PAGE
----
The best of Nihon Buyo: Six must-see pieces for new audience
Many of popular Nihon Buyo pieces have their roots in Kabuki. Kabuki dance has dramatic gestures, dynamic movements, and colourful costumes. If you are going to see Nihon Buyo for the first time, it might be an idea to choose a Kabuki dance piece.
In this article, we will introduce six very well-known Kabuki based Nihon Buyo pieces. Each of them has an unique character, such as a beautiful young woman, a cool guy, and a clumsy funny fellow. Also, there is a piece in which a dancer performs two totally different personalities.
Beauty No. 1: “Fujimusume”
“The Wisteria Maiden”
Fujimusume, the Wisteria Maiden is a popular motif of genre paintings in the 19th century. It is a figure of a young girl in the latest fashion of the time, wearing a large black hat and a flamboyant kimono. She is carrying a large branch of wisteria.
On the stage, there are lots of large wisteria flowers hanging down from an enormous pine tree. This was an idea of a legendary Kabuki actor of the early 20th century called Kikugoro Onoe VI. Kikugoro VI was a big man with well built muscle. In order to become a dainty young girl on the stage, he made the pine and the wisteria flowers much larger than himself to get an optical illusion.
He also gave a new interpretation to this piece, and made Fujimusume a wisteria fairy.
At one of the highlight of the dance, Fujimusume gets drunk with a cup of sake. This is based on a old wives’ tale that if you give a bit of sake to a wisteria plant, its flowers would last longer.
The majority of performances of Fujimusume follows the interpretation of Kikugoro VI. But some dancers still choose more old-fashioned style, and it might be interesting to compare different performances.
Beauty No. 2: “Kyoganoko Musume Dojoji”
“The Maiden of Dojoji Temple”
This piece is the cream of the crop of Kabuki dance.
A young female dancer visits Dojoji Temple. She wears a splendid red kimono and a golden hat. It is spring, and cherry blossoms are in full bloom in the surrounding mountains. As she dances along, there are several quick changes of costumes like a magic of colours, and it is a fabulous spectacle.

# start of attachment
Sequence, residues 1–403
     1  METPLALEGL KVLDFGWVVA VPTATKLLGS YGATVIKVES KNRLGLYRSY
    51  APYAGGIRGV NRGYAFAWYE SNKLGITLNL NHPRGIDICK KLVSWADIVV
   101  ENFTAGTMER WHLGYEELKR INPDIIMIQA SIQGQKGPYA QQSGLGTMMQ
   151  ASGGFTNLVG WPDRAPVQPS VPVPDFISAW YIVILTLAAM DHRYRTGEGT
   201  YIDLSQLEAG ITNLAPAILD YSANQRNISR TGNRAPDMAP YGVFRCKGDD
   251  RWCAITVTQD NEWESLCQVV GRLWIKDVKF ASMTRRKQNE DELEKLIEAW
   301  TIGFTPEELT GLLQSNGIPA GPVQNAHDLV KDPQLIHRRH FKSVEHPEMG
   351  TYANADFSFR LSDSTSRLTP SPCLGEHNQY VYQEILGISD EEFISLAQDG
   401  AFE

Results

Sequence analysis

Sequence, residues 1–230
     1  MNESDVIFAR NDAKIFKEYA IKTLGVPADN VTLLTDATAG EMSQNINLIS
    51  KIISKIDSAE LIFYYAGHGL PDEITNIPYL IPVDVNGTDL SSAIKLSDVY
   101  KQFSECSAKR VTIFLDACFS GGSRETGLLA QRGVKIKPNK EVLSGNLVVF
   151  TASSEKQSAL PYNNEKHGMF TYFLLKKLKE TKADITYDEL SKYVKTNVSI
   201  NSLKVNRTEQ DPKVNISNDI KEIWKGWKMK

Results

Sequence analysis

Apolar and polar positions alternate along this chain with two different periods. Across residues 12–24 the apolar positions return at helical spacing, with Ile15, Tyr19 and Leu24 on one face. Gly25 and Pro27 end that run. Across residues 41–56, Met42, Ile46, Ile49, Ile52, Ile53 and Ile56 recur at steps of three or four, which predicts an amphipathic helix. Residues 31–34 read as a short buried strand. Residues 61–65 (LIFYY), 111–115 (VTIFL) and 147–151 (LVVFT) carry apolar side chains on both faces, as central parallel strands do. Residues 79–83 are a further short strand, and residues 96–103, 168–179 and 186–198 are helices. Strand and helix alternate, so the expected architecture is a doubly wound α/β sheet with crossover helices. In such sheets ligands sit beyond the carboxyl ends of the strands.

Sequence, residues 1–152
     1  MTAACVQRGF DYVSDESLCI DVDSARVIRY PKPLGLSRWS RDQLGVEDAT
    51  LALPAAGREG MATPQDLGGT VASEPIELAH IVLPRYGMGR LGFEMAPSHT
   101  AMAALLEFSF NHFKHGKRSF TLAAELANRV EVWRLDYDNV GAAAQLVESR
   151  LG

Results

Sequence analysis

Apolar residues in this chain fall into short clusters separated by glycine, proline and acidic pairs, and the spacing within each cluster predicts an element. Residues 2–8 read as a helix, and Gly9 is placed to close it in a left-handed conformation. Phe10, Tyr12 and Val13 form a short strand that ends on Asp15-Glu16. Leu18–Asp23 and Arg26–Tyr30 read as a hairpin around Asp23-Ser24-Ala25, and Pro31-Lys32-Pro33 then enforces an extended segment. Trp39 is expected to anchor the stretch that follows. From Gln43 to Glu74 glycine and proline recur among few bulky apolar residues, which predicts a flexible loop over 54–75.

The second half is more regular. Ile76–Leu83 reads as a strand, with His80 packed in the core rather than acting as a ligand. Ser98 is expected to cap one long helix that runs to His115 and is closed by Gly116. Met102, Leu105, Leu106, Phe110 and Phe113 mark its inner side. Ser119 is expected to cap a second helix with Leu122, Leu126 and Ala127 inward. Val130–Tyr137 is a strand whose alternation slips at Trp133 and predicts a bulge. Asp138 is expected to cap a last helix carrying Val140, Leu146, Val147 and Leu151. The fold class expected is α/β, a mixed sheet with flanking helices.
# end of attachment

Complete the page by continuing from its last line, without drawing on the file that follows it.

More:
The piece is based on a renowned Noh piece called “Dojoji”. Dojoji is the name of a temple which actually exists in Wakayama region. The Noh version of “Dojoji” is based on a legend related to this temple.
According to the legend, once upon a time, a love obsessed young girl turned herself into a monstrous serpent. She chased after a man she loved, who escaped into Dojoji and hid inside the temple bell. The girl furiously blew out a flame from the mouth and burnt the man alive with the bell.
The Noh piece of “Dojoji” was created with a time setting of log after this gruesome incident. The spirit of the girl comes back in a form of a beautiful dancer. The sadness and the fearfulness of the dangerous love obsession have to be expressed, and it is a very demanding role.
In the Kabuki dance version too, an excellent interpretational skill and a high technical competence are required to show the insight of the girl.
On the other hand, however, it is not all about the danger of love obsession. In fact, audience could enjoy the extravagant beauty of the stage. The costumes and props of cherry blossoms are glorious and even cheerful, in contrast to tense, sombre, and philosophical atmosphere of the Noh version. There are a number of extra characters of monks too, who provide some comical scenes. No doubt, it is one of the most lavishing piece of Nihon Buyo.
Beauty No. 3: “Sagimusume”
“The Heron Maiden”
At a water front in a cold winter evening, a young girl appears in a white kimono. Her face is hidden by a white vale. The lighting is dark. It is a very sombre scene.
She is the spirit of a white heron. She fell in love with a human. But she lost her love, and wondering alone besides the lake where she was born. Is she real? Is she a ghost? There are several different interpretations.
Then suddenly, the lighting gets bright. The costume changes instantly into a colourful red kimono. The girl expresses the joy of love by dancing with more lively rhythm. Perhaps it is a reminiscence of the happy time?
But then, it gets back to dark again and the snow starts to fall. She shows her true nature of a bird. Her dance becomes fast and furious as if she is in agony.
Because she broke the law of the nature and fell in love with a human, she is being punished by the king of the underworld.